Most WordPress sites integrate automatically with social media (remember from earlier, though – you’ll need to install the Yoast SEO plug-in to fully optimize social media on your site). The icons are there, but where are they pointing? The default destination is the network’s home page. To update the landing pages, first make sure you’re in your site’s main WordPress dashboard. Then, go to Appearance, and Customize. When the site appears with the menu on the left, click on Menus, then Social. Here, you’ll be able to customize the specific URL you want each social icon to point to. You can also reorder the icons if you want to. Tip: Put the social icons in order of your most active networks, or by order of the network with the most followers.

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Alternatively, you can also edit the URLs of the social networks by clicking on Appearance, then Menus, then select the Social Media menu to edit.

This process might look slightly different depending on which version of WordPress you have or how your developer set up your site.

Forms

The best websites will act as inbound marketing funnels and will be designed to attract new leads. When someone submits a form, inquiry, or request for proposal on your site, their message needs to get through to an actively monitored email address. Do a test of every form on your site to make sure the message gets through.

Top-rated forms plug-ins for WordPress are WPForms, Formidable Forms, and Contact Form 7. Google also has a plug-in for Forms and your developer can and should guide you in the best option for your site.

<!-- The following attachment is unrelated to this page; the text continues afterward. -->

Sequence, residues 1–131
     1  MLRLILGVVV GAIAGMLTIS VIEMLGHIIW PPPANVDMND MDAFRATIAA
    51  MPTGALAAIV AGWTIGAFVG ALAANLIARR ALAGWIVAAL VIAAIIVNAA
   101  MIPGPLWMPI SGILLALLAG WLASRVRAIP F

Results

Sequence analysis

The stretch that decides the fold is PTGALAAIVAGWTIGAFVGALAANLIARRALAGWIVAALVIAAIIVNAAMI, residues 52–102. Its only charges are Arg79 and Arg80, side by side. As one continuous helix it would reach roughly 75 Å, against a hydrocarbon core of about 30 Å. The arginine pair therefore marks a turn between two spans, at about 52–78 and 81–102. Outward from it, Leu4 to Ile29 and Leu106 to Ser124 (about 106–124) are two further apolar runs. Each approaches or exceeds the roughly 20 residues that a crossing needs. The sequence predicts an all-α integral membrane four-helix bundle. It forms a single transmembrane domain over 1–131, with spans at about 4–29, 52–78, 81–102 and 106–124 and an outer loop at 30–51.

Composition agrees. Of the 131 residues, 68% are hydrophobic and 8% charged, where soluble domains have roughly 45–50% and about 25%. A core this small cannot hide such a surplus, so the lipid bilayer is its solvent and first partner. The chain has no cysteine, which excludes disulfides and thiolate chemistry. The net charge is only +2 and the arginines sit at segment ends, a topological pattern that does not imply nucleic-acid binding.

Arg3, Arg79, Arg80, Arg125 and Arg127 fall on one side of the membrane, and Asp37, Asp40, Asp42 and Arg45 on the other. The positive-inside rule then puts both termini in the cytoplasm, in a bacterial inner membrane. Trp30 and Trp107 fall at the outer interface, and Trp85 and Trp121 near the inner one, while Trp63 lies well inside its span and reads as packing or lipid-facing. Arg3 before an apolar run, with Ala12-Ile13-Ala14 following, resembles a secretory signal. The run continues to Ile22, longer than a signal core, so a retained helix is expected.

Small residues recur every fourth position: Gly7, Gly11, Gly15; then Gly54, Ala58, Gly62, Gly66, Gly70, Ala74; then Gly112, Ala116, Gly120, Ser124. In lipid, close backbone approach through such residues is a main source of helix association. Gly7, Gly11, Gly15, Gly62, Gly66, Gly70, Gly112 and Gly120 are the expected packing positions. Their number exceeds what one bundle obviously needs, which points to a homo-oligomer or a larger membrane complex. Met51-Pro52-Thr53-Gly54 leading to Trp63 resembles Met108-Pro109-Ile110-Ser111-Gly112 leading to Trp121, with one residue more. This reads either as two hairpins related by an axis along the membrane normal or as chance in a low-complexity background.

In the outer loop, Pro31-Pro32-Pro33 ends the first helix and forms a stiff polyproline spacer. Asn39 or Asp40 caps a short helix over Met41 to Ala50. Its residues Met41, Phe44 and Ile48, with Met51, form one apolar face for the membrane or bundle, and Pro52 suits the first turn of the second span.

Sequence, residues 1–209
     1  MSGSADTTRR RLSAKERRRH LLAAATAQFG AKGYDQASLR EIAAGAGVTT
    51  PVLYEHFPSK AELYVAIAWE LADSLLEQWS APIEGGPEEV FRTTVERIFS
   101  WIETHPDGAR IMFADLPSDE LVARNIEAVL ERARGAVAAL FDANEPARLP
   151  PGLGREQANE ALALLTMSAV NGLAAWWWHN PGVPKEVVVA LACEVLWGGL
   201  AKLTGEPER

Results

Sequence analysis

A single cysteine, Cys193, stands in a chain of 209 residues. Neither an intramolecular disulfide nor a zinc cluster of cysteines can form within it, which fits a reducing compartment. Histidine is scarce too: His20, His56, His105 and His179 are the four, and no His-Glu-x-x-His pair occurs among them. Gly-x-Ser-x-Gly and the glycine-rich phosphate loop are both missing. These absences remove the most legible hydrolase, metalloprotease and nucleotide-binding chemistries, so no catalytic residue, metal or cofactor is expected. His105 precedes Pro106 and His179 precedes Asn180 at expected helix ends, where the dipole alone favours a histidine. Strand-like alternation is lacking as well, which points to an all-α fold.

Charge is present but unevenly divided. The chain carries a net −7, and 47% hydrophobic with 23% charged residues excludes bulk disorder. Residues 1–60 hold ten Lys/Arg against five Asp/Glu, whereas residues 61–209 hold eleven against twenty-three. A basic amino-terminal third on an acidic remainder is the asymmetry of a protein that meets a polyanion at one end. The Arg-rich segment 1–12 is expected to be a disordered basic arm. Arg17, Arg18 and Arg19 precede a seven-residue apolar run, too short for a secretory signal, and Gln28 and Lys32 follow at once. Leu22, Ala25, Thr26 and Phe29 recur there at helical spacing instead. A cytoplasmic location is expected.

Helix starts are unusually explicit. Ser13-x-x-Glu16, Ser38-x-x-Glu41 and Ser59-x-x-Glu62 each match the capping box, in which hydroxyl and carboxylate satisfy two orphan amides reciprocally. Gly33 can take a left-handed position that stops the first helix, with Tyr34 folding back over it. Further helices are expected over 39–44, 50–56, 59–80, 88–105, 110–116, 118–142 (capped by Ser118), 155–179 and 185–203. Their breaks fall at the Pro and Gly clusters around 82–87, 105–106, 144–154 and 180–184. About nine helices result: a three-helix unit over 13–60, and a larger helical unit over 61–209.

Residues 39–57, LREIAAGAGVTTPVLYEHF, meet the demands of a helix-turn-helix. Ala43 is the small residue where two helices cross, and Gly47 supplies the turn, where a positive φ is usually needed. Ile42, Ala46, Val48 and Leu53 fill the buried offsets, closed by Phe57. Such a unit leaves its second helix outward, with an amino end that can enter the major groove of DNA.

Proofread and Test 

Sometimes, when you’re close to the content for weeks or months, you tend to miss things. We’re all human and a second set of eyes never hurt, so have someone else proofread every page. You may have spent too much time looking at all the content to notice if there’s a typo.

Check all the images, sliders, and videos on multiple formats to ensure they’re loading properly and look the way they should. Finally, check page speed loading time. If any page on your website takes longer than a couple of seconds to load, you’re going lose visitors. This is an important point for SEO too because Google has stated that page load time is a “light” ranking factor. Check out the sites load time at gtmetrix.com, they have a handy tool that provides a ton of useful information.

 

And finally, make sure your developer has a back-up of the site. Also talk to your web host to find out how often the site is backed up, where it is stored, and how to access it should you ever need to. Hackers are just one cause of crashed sites; user error can cause a lot of problems and a frequently backed up website can prevent disasters.

 

Practical Insights

Check out the advice of those in the field

“Be sure to promote the new site within your own firm. Your team members are your best ambassadors, so involve them in the excitement. Don’t just send an internal email announcing the new site. Instead, make posters, leave something on their desks, create a contest, make it easy for them to share on social media.”

JoLayna Arndt, Director of Marketing 

 

 

Clear for Launch

Launching a new website is a big accomplishment and seeing the finished product live is a testament to the hard work you and your team did. By taking a little extra time before the final site is published, you will have the peace of mind knowing that every issue was examined, and your firm’s new online presence will be flawless from day one.

What has been your experience launching a WordPress site? If you have other items to add to our pre-launch checklist, tell us in the comments below!